imprinting


Also found in: Dictionary, Thesaurus, Legal, Idioms, Encyclopedia, Wikipedia.

imprinting

 [im´print-ing]
a rapid kind of learning of certain species-specific behavior patterns that occurs with exposure to the proper stimulus at a critical stage of early life.

im·print·ing

(im'print-ing),
A particular kind of learning characterized by its occurrence in the first few hours of life; determines species-recognition behavior.

imprinting

/im·print·ing/ (im´print-ing) a species-specific, rapid kind of learning during a critical period of early life in which social attachment and identification are established.

imprinting

Etymology: Fr, empreindre, to impress
(in ethology) a special type of learning that occurs at critical points during the early stages of development in animals. It involves behavioral patterning and social attachment, is characterized by rapid acquisition and irreversibility, and is usually species-specific, although animals exposed to members of a different species during this short period may become attached to and identify with that particular species instead of their own. The degree to which imprinting occurs in human development has not been determined. See also bonding.

imprinting

Molecular biology The variable phenotypic expression of a gene, depending on paternal or maternal origin, a function of the methylation pattern; imprinted regions are more methylated and less transcriptionally active; the 'imprints' are erased and generated in early embryonic development of mammals Examples Insulin-like growth factor-2 and its receptor, fragile X syndrome, Prader-Willi syndrome, Angelmann/happy puppet syndrome, Wilms' tumor. See Allele, Gene, Genomic imprinting, Inheritance, Locus Psychology Developmental learning restricted to certain early, critical or sensitive time periods of life, which stops when definitive learning occurs or when a critical period has passed; it is irreversible and characteristic of the species of organism being imprinted. See Critical period.

im·print·ing

(im'print-ing)
A particular kind of learning characterized by its occurrence in the first few hours of life, which determines species-recognition behavior.

imprinting

1. The rapid early development in young animals of recognition of the ability to recognize and to be attracted to others of their own species or to similar surrogates.
2. In genetics, changes that occur in a gene in passing through the egg or the sperm so that maternal and paternal alleles differ at the start of embryonic life.

imprinting

  1. an aspect of learning where there is the rapid development of a response to a particular stimulus at an early stage of development. Young animals ‘recognize’ the first object they see as a mother figure, and they can be ‘imprinted’ by objects other than members of their own species. For example, Konrad LORENZ ‘imprinted’ himself as a mother figure on young greylag geese. Imprinting also occurs in other areas of experience, for example, bird song, where young, inexperienced birds have adult calls ‘imprinted’ on them.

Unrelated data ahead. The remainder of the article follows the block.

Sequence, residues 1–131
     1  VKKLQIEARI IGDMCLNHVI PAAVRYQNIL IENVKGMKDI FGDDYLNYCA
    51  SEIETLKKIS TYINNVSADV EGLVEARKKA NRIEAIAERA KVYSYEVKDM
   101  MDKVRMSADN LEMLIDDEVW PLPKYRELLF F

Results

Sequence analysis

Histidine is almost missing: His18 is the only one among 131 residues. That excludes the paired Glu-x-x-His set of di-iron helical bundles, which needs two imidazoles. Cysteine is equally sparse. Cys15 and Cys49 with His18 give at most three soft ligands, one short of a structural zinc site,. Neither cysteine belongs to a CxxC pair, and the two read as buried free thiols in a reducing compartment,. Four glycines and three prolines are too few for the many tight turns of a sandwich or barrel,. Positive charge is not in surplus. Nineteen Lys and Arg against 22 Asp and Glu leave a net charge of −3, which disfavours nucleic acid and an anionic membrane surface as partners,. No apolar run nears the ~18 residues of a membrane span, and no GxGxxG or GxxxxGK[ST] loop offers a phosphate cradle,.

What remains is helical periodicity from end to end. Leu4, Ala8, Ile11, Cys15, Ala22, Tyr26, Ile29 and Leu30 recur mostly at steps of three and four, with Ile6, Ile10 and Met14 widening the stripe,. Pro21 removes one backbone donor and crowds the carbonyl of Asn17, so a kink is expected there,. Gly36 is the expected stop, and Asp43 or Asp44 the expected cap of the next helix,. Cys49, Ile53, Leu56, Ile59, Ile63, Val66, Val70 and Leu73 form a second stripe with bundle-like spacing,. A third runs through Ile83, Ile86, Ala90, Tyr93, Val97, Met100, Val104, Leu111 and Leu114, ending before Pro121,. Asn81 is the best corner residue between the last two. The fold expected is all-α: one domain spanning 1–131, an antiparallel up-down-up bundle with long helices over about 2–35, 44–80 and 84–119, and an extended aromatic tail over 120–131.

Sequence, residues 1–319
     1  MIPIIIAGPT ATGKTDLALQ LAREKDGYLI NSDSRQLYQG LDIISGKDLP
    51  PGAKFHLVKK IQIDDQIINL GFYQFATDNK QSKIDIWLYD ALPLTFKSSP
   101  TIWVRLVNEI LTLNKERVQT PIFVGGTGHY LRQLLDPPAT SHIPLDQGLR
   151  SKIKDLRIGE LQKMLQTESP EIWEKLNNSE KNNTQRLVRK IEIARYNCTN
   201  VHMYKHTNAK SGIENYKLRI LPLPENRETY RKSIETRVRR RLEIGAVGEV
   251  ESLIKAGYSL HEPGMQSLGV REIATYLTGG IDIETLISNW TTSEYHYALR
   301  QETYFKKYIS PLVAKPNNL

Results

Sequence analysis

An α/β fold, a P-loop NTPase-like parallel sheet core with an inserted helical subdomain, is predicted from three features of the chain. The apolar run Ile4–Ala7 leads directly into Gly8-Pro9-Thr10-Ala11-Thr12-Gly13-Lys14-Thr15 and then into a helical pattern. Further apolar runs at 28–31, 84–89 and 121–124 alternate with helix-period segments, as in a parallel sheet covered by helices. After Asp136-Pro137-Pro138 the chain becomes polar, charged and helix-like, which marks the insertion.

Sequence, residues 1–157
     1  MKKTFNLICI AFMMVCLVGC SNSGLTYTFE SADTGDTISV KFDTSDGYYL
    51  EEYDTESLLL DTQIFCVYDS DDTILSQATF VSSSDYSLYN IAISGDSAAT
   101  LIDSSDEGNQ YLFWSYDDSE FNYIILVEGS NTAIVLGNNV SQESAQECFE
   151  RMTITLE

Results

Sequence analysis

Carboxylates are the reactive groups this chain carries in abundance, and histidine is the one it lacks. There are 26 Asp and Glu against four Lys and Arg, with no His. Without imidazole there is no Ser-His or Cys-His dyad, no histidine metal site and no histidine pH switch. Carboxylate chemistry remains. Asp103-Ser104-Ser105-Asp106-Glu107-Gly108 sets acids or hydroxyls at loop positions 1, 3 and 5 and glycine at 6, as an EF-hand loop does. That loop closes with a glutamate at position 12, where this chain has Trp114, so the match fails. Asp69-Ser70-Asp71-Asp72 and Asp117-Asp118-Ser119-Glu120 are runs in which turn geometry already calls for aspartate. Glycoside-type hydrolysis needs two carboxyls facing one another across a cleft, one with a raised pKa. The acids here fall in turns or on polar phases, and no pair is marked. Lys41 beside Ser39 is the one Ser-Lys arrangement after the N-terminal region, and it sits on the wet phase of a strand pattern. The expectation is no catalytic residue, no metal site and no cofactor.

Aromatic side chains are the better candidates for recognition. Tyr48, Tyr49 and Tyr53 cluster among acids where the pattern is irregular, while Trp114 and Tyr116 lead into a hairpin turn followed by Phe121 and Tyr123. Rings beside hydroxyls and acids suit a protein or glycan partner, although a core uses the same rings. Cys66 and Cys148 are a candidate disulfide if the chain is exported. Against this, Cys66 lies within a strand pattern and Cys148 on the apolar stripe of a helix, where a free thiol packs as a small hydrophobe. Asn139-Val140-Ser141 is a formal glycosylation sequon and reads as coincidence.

2. see GENOMIC IMPRINTING.

Imprinting

Process that silences a gene or group of genes. The genes are silenced depending on if they are inherited through the egg or the sperm.
Mentioned in: Prader-Willi Syndrome

imprinting

a kind of learning in the very young based mainly on maternal attachment and acquisition of basic behavior patterns.
References in periodicals archive ?
Speaking to future plans, Imprinting Systems looks to continue building its book of short run jobs, defined by Kessler as a run with one to two thousand labels.
It is be concluded that the template plays an important role on the performance of imprinting membrane used for chiral resolution facilitated permeation through imprinted gates in the membrane and directly influence on selective rejection and selective adsorption.
A large number of quiescent hematopoietic stem cells was activated simultaneously when the epigenetic control provided by genomic imprinting was removed," said Venkatraman.
The PROSPER S-Series Imprinting Systems include the S5, S10, S20, and S30, available in black or CMYK configurations.
Genomic imprinting of PPP1R9A encoding neurabin l in skeletal muscle and extra-embryonic tissues.
A better solution would be to combine these two methods, whereby in imprinting the covalent interactions and in rebinding the non-covalent interactions are used and the so-called 'semi-covalent method' is obtained [15].
It indicated that the group of -NH- in the organophosphorous pesticides used played an important role in molecular imprinting and molecular recognition, which could be involved in hydrogen bonding with -COOH of MAA.
Relatively poor imprinting was observed for tetracyclines.
In this strained act of imprinting, Johns' concern was not the head per se, but the body more generally, and especially its envelope, the skin.
Several ethologists and students of animal behavior have suggested that sexual imprinting might play a role in the evolution of conspicuous characteristics, might generate sexual selection, or may increase the likelihood of speciation (Beach and Jaynes 1954; Mainardi 1964; Payne 1973; Immelmann 1974, 1975; ten Care and Bateson 1988; Plotkin 1988; Gould and Gould 1989; ten Cate 1991).
Inkjet printing inline with offset printing delivers a number of significant benefits, including faster job turnaround time, lower costs, and higher productivity for high-volume imprinting applications when compared to sheetfed laser printing.
The remarkable molecular imprinting technique can be used for chiral resolution [1 2].